Now, definitely for food and maybe wifi….Alive Café is a recently opened vegan/vegetarian restaurant above the Starbucks overlooking the KBR park. With the aesthetics of Seoul and food reminiscent of California, it’s a fantastic morning meetup with a wonderful view of tree-top greenery.

A bit on the pricier side but worth it for the quality, the Olive Bistro overlooks lake Durgam Cheruvu in Jubilee Hills and is attached to The Hoppery brewery, a fun spot for friendly group gatherings or an exclusive date night. For Italian food cravings, Little Italy also offers a wonderful view overlooking the KBR park and Viva Italia comes highly recommended by an M’19 student. A bit further southeast is Zafran Exotica Bar and Restaurant, which offers a wonderful rooftop ambiance with borders of gently swaying greenery floating in drifting water. They have a pricey but well worth it Sunday brunch offering, for which a birthday celebration could be the perfect excuse.

It may seem cliché, but the chutneys at Chutney’s are just too wonderful to pass up. Definitely visit in the start of your time in Hyderabad so you know your favorite chutney for anytime you may need a quick online order. It’s also a great spot to take visiting family or friends.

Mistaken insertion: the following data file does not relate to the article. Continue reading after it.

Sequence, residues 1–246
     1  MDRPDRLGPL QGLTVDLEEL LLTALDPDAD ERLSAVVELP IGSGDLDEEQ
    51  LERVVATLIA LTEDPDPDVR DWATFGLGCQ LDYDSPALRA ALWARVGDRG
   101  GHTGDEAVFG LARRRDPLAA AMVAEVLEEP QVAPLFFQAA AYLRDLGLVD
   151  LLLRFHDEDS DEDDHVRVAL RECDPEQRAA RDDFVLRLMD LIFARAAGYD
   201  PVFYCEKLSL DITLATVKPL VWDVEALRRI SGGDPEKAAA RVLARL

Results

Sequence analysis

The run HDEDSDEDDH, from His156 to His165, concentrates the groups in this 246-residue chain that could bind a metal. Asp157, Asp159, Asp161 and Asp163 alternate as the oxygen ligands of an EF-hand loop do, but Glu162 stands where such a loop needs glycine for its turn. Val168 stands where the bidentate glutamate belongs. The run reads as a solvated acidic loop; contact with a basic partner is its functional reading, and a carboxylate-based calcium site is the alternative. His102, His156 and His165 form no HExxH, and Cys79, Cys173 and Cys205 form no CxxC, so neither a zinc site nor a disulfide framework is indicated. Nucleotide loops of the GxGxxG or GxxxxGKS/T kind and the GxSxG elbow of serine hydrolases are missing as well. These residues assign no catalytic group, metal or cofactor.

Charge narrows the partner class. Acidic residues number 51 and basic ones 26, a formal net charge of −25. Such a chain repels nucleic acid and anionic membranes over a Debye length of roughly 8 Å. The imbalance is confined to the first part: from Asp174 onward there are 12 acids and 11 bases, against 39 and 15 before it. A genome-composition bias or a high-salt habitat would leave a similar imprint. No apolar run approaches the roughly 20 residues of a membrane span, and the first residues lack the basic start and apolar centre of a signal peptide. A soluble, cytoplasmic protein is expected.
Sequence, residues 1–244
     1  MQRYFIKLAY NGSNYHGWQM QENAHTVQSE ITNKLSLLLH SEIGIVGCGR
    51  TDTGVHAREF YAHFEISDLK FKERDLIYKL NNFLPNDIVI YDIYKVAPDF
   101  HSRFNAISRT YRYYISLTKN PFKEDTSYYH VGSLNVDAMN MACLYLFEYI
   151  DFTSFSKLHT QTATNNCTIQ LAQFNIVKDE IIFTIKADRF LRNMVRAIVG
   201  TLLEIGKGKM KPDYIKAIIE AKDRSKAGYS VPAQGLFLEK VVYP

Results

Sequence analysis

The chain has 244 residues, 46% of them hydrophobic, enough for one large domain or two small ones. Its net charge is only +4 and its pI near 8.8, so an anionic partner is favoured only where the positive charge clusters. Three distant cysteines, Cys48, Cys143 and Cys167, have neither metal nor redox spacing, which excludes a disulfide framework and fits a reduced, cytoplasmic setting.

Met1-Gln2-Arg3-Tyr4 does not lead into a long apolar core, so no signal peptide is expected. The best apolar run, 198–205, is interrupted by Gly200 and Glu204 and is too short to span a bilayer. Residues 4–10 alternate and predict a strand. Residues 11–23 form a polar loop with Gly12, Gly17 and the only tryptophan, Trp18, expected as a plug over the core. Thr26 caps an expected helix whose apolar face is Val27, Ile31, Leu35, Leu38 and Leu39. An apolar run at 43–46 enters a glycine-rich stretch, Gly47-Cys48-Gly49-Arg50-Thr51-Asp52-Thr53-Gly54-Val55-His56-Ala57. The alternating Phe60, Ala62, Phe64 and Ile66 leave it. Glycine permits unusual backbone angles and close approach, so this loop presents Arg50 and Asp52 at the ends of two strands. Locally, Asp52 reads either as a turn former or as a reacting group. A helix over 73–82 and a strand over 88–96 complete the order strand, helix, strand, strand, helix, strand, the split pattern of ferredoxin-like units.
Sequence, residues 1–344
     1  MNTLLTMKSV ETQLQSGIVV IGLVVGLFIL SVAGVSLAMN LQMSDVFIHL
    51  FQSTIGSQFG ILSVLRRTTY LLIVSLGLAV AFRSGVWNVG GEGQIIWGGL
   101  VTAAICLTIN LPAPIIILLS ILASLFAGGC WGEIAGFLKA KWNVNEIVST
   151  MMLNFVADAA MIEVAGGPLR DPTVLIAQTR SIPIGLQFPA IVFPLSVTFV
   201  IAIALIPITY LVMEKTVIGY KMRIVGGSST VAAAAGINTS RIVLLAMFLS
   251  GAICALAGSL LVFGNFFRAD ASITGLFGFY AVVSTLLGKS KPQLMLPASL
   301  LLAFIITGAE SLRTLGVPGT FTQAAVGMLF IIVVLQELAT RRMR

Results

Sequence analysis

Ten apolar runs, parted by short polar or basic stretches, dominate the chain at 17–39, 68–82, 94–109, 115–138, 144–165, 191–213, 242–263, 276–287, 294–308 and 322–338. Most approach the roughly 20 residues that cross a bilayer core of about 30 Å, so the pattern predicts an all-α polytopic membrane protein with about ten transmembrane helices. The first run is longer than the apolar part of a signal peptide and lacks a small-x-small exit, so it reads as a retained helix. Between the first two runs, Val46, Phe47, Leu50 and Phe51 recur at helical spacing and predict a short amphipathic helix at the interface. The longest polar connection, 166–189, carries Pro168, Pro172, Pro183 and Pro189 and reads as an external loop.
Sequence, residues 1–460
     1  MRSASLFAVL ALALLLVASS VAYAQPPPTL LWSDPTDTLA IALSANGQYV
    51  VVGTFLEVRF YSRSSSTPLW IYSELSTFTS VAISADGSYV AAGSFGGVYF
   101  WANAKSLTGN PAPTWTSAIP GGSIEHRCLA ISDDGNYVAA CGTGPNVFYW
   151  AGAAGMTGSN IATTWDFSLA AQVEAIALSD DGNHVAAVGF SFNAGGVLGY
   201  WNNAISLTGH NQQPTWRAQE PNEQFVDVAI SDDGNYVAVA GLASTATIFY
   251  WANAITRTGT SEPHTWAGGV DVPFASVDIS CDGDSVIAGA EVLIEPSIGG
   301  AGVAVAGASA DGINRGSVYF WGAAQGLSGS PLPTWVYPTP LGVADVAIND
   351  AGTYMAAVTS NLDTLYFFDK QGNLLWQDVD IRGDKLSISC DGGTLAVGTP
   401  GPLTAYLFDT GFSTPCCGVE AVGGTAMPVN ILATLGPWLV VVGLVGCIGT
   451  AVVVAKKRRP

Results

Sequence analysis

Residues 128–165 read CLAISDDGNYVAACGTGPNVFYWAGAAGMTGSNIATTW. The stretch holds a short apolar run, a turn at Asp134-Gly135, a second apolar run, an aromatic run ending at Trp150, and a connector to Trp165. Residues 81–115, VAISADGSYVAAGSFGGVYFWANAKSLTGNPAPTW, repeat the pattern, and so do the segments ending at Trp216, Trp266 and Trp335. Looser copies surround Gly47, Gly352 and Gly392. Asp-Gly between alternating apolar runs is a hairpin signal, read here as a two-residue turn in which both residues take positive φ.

For supporting local spots with important missions, check out:

  • Sage Organics where all food is sourced from their own organic farm in the outskirts of Hyderabad (#eatlocal) and cofounders Kavitha and Ravi Mantha are often around welcoming newcomers with a friendly smile. Pick Kavitha’s brain on the creativity of her dishes, and Ravi’s (author of The Baby Elephant Diet and All About Bacteria) on evolving healthcare, food practices, and mindsets on healthy lifestyles in India.
  • The Lamakaan, a significant cultural center which hosts themed movie nights on Wednesdays at 7:00 pm, a local food and sustainable goods market on Sunday mornings starting from 10:00 a.m., among other events, is a Banjara Hills favorite. Try the samosas and chai, and if interested in local opinions on politics and culture you can always be sure to find some well informed friendly humans willing to converse.

I scream, you scream, we all scream for ice cream! But seriously, check out Naturals for some fresh flavors and Indulge Ice Cream if you want to acquire a beautiful reusable ceramic pot and lid along with some tasty spoonfuls of deliciousness. And for any pastry cravings, find Concu in Jubilee Hills.

For ordering food online, Swiggy and Zomato both work. Be aware, a lot of the aforementioned spots deliver but only if you’re close enough to the restaurant so don’t be surprised if you can’t find a particular restaurant online sometimes (eg. Bon Appediet is great for online ordering if in Jubilee Hills). Also, orders tend to come in a lot of plastic bags and wrapping, so avoid that waste-cycle (#zerowastegoals) and go in person or cook at home!